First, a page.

Ask a doctor

Are Their Doctors Who Specialize In Removing Restylane?

Is there a doctor who specializes in using hyaluronidase and possible excision to remove problem Restylane? I have Restylane that has seemingly migrated to the lower face and has not dissolved in over a year. (Two areas have lasted four years.) The substance has formed many balls (one the size of a man’s thumb) and “worms,” and is also disfiguring as the lower face swells, possibly because of the hydrophilic qualities. My doctor has tried Vitrase without success. I will travel to other states.

Doctor Answers (7)

Are Their Doctors Who Specialize In Removing Restylane?

+1

 I suspect the filler may bnot be Restylane but a premanent filler.  You might want to check with the MD that did the filler injections to be certain.  If it was a permenent filler like Artecol, Artefil etc....yoiu're only option is to use micro-lipo to remove fat containing the filler within it from the area.  


Beverly Hills Facial Plastic Surgeon
4.5 out of 5 stars 12 reviews

Restylane - Are Their Doctors Who Specialize In Removing Restylane?

+1

This sounds strange to me.

The effects of Restylane last, in general, not long enough for most people.  In my experience, these fillers last from about 4-8 months, depending on how much was injected and on individual variations of the patients.  The appropriate treatment for more Restylane remaining than was desired, among other issues, is hyaluronidase (one brand name is Vitrase).

But if that's already been done without success then one has to wonder exactly how much material was injected, what kind of material, any other history you have, any associated medical problems, etc.  It does not sound like a straight-forward over-injection of tissues.

I wish I could give you a simpler answer but it sounds unusual.

I hope that this helps, and good luck,

Dr. E

Alan M. Engler, MD, FACS
New York Plastic Surgeon
5.0 out of 5 stars 155 reviews

Traveling nodules from restylane

+1

I agree with some of the other physicians that the reaction you described sounds unusual and may not be restylane because restylane should respond quickly to the hyaluronidas (vitrase). There may be an ongoing inflammatory reaction or granuloma or hidden infection. I would be happy to evaluate you in Charlotte and refer you to someone if I cannot help you.

Elizabeth F. Rostan, MD
Charlotte Dermatologist
4.5 out of 5 stars 11 reviews

You might also like...

This may not be a Restylane problem.

+1

As my Dermatological colleagues have stated or intimated, this needs expert evaluation including a more detailed history of what and how much has been injected into your face (copies of medical records, if possible), careful physical examination, possible biopsy and laboratory evaluation for various tumor or infectious agents, and as little damage to your face as possible in the process. MRI scan may be recommended, not first, but if this seems other than as "advertised."

This may be best evaluated and surgical treatment options offered by a plastic surgeon or ENT surgeon who does reconstructive surgery and accepts insurance reimbursement. I have a nagging suspicion this could be something bad and not cosmetic at all. You may need to consider evaluation first by your family physician or internist to evaluate your entire general health and this concern not as Restylane gone bad, but rather as unexplained facial lumps. Best wishes!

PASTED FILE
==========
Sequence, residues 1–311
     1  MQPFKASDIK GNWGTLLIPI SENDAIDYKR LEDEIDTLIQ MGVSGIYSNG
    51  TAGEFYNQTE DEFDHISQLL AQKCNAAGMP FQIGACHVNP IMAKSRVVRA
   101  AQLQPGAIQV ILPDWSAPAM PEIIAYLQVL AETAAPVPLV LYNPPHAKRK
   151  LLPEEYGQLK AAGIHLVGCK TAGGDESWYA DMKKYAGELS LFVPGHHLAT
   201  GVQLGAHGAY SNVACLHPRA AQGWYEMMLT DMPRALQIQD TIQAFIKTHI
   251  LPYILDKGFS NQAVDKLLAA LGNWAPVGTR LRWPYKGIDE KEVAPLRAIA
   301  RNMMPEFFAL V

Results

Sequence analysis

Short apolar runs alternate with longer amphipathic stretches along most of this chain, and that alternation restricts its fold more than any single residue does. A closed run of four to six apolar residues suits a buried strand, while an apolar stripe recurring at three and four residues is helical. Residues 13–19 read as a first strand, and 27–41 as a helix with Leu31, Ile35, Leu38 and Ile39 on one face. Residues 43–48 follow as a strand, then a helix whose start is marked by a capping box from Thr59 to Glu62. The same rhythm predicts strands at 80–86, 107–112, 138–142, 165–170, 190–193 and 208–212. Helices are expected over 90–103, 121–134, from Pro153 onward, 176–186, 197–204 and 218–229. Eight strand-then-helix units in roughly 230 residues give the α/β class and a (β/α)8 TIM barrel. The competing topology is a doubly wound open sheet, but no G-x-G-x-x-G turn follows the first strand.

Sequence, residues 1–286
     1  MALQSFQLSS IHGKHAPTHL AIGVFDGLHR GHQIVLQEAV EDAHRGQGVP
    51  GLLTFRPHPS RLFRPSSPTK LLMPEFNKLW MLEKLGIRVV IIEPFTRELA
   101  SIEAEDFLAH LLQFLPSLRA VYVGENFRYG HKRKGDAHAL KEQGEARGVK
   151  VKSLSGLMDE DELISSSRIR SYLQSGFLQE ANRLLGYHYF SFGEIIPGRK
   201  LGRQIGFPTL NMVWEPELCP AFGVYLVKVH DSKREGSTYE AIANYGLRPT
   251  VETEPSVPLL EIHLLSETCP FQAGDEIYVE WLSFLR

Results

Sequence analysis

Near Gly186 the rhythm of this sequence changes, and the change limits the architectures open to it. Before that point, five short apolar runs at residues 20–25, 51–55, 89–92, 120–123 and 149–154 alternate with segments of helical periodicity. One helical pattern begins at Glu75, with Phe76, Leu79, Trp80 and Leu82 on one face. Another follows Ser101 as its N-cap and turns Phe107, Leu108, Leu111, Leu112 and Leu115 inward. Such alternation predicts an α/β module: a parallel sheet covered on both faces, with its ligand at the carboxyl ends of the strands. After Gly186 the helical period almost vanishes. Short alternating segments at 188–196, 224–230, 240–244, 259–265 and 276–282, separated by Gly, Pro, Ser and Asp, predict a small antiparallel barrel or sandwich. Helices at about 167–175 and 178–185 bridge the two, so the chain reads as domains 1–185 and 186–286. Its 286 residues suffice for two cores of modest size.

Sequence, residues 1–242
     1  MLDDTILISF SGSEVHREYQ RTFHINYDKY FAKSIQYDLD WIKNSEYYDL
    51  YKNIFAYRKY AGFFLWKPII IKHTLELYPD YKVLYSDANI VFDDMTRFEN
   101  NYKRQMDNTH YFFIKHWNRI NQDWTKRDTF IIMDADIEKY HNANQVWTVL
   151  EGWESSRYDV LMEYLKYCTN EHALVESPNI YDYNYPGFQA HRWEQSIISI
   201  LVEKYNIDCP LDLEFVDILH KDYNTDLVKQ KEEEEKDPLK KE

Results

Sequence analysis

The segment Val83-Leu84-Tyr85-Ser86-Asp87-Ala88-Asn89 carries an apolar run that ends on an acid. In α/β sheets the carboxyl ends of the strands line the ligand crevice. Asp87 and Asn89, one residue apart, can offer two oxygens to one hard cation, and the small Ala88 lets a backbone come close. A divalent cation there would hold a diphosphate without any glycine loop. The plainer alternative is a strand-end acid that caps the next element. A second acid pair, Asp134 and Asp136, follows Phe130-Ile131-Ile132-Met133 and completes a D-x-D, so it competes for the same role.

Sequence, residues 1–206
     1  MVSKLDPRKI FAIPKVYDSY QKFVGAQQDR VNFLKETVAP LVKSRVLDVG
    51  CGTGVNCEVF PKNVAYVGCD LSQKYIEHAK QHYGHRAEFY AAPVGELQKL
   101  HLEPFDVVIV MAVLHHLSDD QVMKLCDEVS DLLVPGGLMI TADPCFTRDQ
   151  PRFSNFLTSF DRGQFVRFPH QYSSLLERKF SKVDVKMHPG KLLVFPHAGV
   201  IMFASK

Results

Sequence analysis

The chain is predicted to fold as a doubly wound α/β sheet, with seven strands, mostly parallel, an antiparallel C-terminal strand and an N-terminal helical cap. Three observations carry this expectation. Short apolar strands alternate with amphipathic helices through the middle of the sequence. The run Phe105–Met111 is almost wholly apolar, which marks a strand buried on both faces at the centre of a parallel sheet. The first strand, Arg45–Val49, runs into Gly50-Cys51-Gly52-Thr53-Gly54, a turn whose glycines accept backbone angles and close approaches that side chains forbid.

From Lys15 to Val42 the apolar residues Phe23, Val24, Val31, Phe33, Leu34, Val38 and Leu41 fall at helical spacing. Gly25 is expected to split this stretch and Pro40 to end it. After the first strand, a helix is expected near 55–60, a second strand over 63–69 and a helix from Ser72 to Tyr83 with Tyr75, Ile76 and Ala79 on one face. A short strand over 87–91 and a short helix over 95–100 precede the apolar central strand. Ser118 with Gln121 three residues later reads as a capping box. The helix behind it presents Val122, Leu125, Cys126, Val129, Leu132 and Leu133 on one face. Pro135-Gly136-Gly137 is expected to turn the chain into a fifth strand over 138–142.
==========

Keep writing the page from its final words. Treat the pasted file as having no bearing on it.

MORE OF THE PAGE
Richard H. Tholen, MD, FACS
Minneapolis Plastic Surgeon
5.0 out of 5 stars 144 reviews

Doctors who specialize in removing Restylane

+1

The large nodules that you describe are unusual, to say the least.

How many syringes of Restylane did you have injected?

Was the Restylane injected by a Board Certified Dermatologist?

If you have persistent nodules after injections with Hyaluronidase, it is possible that there  are some granulomas directly or indirectly related to the Restylane.

The question now is no longer that of removing Restylane, but to find out what the nodules consist of.

I suggest that you see a Board Certified Dermatologist who will take one or  two small but deep punch biopsies in order to clarify the diagnosis and take it from there.

Eugene Mandrea, MD
Chicago Dermatologist
4.5 out of 5 stars 4 reviews

Dr. Tim Flynn in Cary NC could help you

+1

Dr. Tim Flynn at the Cary Skin Clinic in Cary NC could help you.

Dr. Flynn is a leading authority on the use of fillers and the management of complications resulting from fillers. He is also an outstanding dermatologist, and can very likely determine what kind of problem you have, whether it is related to the Restylane® or is unrelated.

Kevin C. Smith, MD
Niagara Falls Dermatologic Surgeon
4.0 out of 5 stars 2 reviews

This needs further investigation

+1

If the lumps and bumps that you are feeling are actually Restylane, the Vitrase should have dissolved them.   I am concerned that they may be something else - perhaps a granuloma or a bacterial collection - for this reason they need to be biopsied.  Make sure you go to an experiencd cosmetic dermatologist to do this.  When the biopsy is done, half of the specimen needs to be sent in for histopathology with special stains to look for bacteria, yeast, fungus, atypical mycobacteria.  The other half of the specimen needs to be sent in a sterie container to the microbiology lab so it can be plated to grow bacteria, yeast/fungus, and atypical mycobacteria.  Make sure that your physician is very specific about what is requested with these two specimen halves.  Good luck!

Laura Skellchock, MD
Boca Raton Dermatologic Surgeon
4.5 out of 5 stars 19 reviews

These answers are for educational purposes and should not be relied upon as a substitute for medical advice you may receive from your physician. If you have a medical emergency, please call 911. These answers do not constitute or initiate a patient/doctor relationship.